The difference between sheet, detail, random orbit and belt sanders?

What’s the difference between sheet, detail, random orbit and belt sanders? It is difficult knowing which type of sander with the right tool for the job as there are such a wide variety of power tools to choose from. In the post we aim to look at sheet, detail, random orbit, disc and belt sanders and help explain the differences and advantages each type has.

Even which each different type of sander there will be a range of manufacturers offering models with varying degrees of quality, so we also try to recommend what we feel is a good example of a quality tool at a reasonable price.

 

Sheet Sander

What's the difference between sheet, detail, random orbit and belt sanders?
Makita BO3710 240V 1/3-inch Sheet Orbital Sander

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A sheet sander uses square pieces of sand paper simply held in place with the wire clip and the front and back, the Makita sander pictures also has a dust collection bag for all of that dust you are going to create. Sheet sanders should only be used going with the grain of the wood as going against it will leave marks, they are best used for light sanding on flat surfaces and are ideal doe sanding up to edge or into square corners.

The sheets of sand paper for this type of sander are readily available most using 1/3 inch sheets, or you can even cut your own from larger pieces and save a bit of extra cash.

Positives

  • Excellent at getting into corners and up to edges.
  • Good for light sanding on flat surfaces.
  • In-expensive to buy.
  • Sand paper readily available and cheap.

Negatives

  • Can leave marks on the wood if used incorrectly (Against the grain).
  • Will not remove a large amount of material quickly.

 

 Detail Sander

What's the difference between sheet, detail, random orbit and belt sanders?
Bosch PSM 100 A Multi-Sander [Energy Class A]

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Detail sanders sometimes known as mouse sanders, palm sanders or multi sanders are probably the cheapest option on our list. Whilst not the best option for removing a large amount of material or covering a large surface area, they are great at reaching into hard to reach areas such as with furniture restorations or crafts. They are best used on slow speeds while applying very little pressure to give a fine detailing before painting/protecting the wood.

Once against pads are readily available and will attach with Velcro, but due to the shape of the pads and the configuration of holes you will have to check these fit your sander and they can be more expensive.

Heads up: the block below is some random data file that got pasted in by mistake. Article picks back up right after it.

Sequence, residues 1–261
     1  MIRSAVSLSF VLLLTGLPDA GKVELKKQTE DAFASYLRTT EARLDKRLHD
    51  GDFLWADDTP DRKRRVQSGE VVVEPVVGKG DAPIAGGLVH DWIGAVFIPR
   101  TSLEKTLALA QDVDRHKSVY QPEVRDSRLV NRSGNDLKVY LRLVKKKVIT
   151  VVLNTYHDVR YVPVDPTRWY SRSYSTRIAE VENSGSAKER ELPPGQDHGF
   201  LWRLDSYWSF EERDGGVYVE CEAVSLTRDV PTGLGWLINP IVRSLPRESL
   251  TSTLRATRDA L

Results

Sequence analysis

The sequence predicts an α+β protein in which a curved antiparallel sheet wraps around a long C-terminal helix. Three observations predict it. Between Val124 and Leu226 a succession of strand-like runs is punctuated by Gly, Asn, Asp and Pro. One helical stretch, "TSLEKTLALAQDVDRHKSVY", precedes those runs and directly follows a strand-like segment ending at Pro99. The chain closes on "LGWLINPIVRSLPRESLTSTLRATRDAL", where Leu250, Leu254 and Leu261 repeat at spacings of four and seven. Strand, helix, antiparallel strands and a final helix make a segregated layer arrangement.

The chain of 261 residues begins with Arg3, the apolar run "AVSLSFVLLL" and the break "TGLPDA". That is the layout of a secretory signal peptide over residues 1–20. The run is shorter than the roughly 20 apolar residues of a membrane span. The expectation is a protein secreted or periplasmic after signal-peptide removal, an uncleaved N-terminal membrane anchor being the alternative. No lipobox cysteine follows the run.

Positives

  • Great for fine sanding.
  • Excellent at sanding tight or hard to reach areas.
  • In-expensive to purchase.

Negatives

  • Sanding pads can be more expensive.
  • Somewhat limited use.

 

Random Orbit Sander

What's the difference between sheet, detail, random orbit and belt sanders?
Bosch PEX 400 AE Random Orbit Sander

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Random orbit sanders are probably one of the more versatile options on our list as they can be used for both fine sanding and for removing material, although for heavy sanding we would always recommend a belt sander.  Random orbit sanders are characterised by their circular pad, with a sander head that moves in random orbits as well as the sanding pad also rotating.

Usually available in 5 and 6 inch varieties, of which we suggest going for the larger of these two if you have a lot of work to be done. The sanding pads themselves have holes cut into them to allow dust to escape and attach with Velcro. Whilst a lot of these are universal between brands, they will be more expensive that sand paper required for a sheet sander.

Positives

  • Less likely to leave marks on the wood.
  • Can be used in any direction.
  • Suitable for light sanding (finishing).
  • Also suitable for heavier sanding (Material removal).

Negatives

  • More expensive than sheet sanders.
  • Not able to reach into corners.
  • Sand paper pads can be expensive.

 

Belt Sander

What's the difference between sheet, detail, random orbit and belt sanders?
Bosch PBS 75 A Belt Sander

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Belt sanders might be one of the more expensive options but when you have a large amount of sanding to be done on a flat surface there is really only one tool for the job. They use a belt of reinforced sand paper that fits around the rotating drum at each end, these are readily available but be sure to check which size your sander uses. It is also important to ensure you sand with the grain of the wood and ensure you do not press down too hard with a belt sander as this can end up clogging up the sand paper and having to replace it more quickly.

Great for use on rough surfaces or removing paint and other finishes on doors boards and anything else you can think of, but they should not be used for fine sanding as it would be easy to remove too much material. (a detail sander might be more appropriate)

Positives

  • Excellent at removing old paint and other finishes.
  • Great for use on rough surfaces.
  • For use on large surfaces.

Negatives

  • Can leave marks on the wood if used incorrectly (Against the grain).
  • Not able to reach into corners.
  • More expensive.
  • Not suitable for light sanding/finishing.

 

Hopefully now you understand the difference between sheet, detail, random orbit and belt sanders. If not then please feel free to leave a comment and we will get back to you.

If you are looking for more power tool advice then why not take a look at our post discussing the difference between combi, impact, hammer and drill drivers?

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